I know the cost is slightly lower if you have a pony rather than a horse.
 

Bosworth

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Well I have hay left for the ones that need hay - and they can use that up until it's gone - then on to Haylage. We don't tend to have to hay the fields as we have so much grass over winter we usually manage fine - HH - a definite benefit of living in Devon. I think the liveries I have here are all really sensible and won't be greedy - I know exactly how much they leave as I put all the horses out in the morning so I will see if they are getting too much. I don't want to include it in the livery fee as fingers crossed next year we will get small bale hay again. I just have to take the grass ASAP or I loose 10 acres worth of hay so haylage is my only option. My contractor is concerned as he has no hay in yet and his corn is still wet - looking at the long range weather forecast it looks like there is not going to be a fortnight of decent weather for hay until after mid September at the earliest by which time my grass would be ruined and have no nutritional value.

I am normally not keen on haylage for the liveries as the majority don;t do enough work to merit the higher protein levels - but as it is such late hay the protein levels won't be as high as June/July hay so I think that will compensate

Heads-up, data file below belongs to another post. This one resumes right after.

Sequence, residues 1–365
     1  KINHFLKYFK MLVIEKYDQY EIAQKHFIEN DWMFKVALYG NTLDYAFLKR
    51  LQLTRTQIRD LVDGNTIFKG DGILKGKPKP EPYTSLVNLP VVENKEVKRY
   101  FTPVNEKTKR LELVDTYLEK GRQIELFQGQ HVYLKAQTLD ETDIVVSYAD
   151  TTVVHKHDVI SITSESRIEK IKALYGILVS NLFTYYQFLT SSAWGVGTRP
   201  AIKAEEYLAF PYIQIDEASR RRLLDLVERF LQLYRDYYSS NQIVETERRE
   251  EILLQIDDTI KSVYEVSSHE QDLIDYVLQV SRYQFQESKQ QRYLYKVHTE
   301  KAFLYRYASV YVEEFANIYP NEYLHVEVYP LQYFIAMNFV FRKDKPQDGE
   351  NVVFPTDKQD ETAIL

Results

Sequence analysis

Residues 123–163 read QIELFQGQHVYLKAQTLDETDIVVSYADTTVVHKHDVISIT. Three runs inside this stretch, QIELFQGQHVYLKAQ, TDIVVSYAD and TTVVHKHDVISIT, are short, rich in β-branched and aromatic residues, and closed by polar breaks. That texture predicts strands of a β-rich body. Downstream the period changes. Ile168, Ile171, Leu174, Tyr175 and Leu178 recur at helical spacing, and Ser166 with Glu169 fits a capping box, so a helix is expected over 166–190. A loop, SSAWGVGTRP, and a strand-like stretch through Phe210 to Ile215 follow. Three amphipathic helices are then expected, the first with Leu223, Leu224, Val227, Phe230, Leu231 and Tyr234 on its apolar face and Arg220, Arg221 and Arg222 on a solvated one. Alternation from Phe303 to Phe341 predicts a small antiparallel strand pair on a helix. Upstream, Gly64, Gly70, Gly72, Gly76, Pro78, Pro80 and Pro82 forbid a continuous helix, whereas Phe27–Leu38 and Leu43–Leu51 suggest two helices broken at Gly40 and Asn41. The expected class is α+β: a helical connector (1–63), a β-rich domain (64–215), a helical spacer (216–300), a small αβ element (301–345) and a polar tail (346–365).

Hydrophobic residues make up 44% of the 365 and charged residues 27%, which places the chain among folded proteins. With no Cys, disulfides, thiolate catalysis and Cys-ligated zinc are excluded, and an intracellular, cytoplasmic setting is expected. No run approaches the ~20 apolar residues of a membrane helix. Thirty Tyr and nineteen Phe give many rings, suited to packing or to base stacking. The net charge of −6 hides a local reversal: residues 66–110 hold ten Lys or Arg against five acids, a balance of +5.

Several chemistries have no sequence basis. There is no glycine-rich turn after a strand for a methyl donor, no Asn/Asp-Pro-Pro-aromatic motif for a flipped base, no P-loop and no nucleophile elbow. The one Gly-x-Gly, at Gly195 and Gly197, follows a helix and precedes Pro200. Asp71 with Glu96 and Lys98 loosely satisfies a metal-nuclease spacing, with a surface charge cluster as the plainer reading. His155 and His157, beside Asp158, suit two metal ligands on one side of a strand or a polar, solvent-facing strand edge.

luckilotti

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We charge a set amount, has never been above £9 per week for a horse and they take whatever the want and it pretty much works out right, it is sooo darm annoying though when you see it being thrown on the muck heap as they give too much. (very intersting to see them having tiny nets when they buy small bales of hay by the bale in summer then bam, hayledge opened, massssssive nets!)
Other yards i know locally work it out via the weight the horse has, another charged by the net (and apparently take some out if they think you have too much - quite a lot of their liveries are looking elsewhere to stable!)
i do worry a little about this year - i have been quoted £35 a bale for hayledge!!! we tend to have both big bale hayledge and hay in winter so have two bales on the go at once depending on what people need to use.